The sign of the cross, one of our most profound and simplest forms of prayer, is falling out of favor among many Catholics. It is ancient prayer, dating back to the earliest years of our faith. Tertullian (De cor. Mil. iiii) commented, “In our coming in and going out … we mark our foreheads with the sign of the cross.” And, St. Cyril of Jerusalem remarks in his Catecheses (xiii, 36) “let us then not be ashamed to confess the Crucified. Be the cross our seal, made with boldness by our fingers on our brow and in every thing; over the bread we eat and the cups we drink, in our comings and in goings; before our sleep, when we lie down and when we awake; when we are travelling, and when we are at rest.”
For most of us, it is the first prayer we learned. Through this simple prayer we learned of Christ crucified and the holy trinity. In repeating the words: “In the name of Father, Son, and Holy Spirit” we commemorate our baptism. In the physical action of crossing ourselves we designate (mark) that we belonging to the God.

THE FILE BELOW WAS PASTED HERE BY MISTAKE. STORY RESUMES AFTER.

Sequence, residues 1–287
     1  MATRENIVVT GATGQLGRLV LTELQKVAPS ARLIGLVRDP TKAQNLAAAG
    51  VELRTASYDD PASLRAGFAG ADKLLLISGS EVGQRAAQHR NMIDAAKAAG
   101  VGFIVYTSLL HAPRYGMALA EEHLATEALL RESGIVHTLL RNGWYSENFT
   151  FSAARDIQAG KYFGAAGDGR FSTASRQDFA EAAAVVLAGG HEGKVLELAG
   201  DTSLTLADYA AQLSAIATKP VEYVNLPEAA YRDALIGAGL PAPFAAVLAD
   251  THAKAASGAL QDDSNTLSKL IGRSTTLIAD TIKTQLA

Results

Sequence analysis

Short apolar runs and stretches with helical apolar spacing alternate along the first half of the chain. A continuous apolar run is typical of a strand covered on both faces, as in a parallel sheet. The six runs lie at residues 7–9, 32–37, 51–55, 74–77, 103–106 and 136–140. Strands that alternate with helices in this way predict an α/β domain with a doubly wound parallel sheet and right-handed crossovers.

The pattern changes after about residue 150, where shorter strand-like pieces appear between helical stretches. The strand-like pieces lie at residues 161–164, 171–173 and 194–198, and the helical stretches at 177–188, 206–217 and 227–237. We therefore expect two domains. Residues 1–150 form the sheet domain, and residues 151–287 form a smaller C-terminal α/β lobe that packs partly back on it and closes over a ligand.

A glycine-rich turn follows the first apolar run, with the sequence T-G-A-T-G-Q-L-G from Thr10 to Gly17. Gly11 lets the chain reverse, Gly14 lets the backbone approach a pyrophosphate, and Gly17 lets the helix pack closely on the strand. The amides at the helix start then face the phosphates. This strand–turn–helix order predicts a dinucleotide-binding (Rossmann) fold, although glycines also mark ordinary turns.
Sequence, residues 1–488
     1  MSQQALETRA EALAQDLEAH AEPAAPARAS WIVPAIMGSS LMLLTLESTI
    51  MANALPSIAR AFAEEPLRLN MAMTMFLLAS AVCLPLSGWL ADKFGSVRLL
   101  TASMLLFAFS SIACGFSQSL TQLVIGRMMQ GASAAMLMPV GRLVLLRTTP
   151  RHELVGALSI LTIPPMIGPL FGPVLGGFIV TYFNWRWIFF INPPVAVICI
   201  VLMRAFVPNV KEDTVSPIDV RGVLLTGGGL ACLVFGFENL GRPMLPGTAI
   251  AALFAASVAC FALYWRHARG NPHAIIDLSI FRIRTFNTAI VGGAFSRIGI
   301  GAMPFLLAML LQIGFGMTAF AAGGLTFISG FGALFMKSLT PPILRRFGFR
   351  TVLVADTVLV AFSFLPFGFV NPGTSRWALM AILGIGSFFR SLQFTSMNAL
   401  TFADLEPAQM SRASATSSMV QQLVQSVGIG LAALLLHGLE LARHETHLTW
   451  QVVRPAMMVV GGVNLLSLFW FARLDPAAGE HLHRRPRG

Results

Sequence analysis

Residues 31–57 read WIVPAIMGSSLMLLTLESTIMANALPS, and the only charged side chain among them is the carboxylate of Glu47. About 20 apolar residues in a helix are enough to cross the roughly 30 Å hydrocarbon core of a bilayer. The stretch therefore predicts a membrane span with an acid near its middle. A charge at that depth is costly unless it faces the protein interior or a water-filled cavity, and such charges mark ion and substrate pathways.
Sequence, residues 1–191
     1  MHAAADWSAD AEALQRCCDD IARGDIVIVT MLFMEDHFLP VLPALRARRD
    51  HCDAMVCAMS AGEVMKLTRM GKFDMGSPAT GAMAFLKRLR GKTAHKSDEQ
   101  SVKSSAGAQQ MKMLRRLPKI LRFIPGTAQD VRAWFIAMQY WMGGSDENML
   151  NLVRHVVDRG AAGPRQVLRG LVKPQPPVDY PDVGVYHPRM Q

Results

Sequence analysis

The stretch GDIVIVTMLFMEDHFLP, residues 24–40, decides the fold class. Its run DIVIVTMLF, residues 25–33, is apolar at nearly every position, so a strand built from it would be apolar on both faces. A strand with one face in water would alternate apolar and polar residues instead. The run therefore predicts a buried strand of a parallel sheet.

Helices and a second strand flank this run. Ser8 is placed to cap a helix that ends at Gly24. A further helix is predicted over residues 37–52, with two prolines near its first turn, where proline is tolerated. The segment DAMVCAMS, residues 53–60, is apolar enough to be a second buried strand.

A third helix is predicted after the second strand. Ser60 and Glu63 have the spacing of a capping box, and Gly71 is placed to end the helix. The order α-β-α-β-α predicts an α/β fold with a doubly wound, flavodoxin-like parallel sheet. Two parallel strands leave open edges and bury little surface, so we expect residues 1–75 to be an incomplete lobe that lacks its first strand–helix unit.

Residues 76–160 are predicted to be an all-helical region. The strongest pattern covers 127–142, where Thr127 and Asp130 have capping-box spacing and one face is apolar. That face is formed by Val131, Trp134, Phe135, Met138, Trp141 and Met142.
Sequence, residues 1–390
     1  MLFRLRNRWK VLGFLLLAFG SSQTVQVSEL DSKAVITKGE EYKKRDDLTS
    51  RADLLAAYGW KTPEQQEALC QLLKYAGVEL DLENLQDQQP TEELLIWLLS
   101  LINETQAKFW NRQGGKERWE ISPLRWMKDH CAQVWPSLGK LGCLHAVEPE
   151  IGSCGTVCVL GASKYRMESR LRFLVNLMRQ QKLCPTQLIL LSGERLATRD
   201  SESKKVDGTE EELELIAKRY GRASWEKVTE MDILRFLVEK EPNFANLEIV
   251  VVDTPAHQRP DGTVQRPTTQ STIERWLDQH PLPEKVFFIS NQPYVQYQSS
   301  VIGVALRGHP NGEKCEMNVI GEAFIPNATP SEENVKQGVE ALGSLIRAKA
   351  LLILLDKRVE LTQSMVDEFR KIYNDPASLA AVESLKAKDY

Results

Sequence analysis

We should not shy away from making the sign of the cross. Christ boldly mounted the cross and suffered profound agony for us. We can witness to this fact through a simple, but powerful gesture. If we are embarrassed or ashamed to make the sign of cross in public when we pray, image how embarrassed or ashamed we will feel when we stand before Christ at the moment of our death.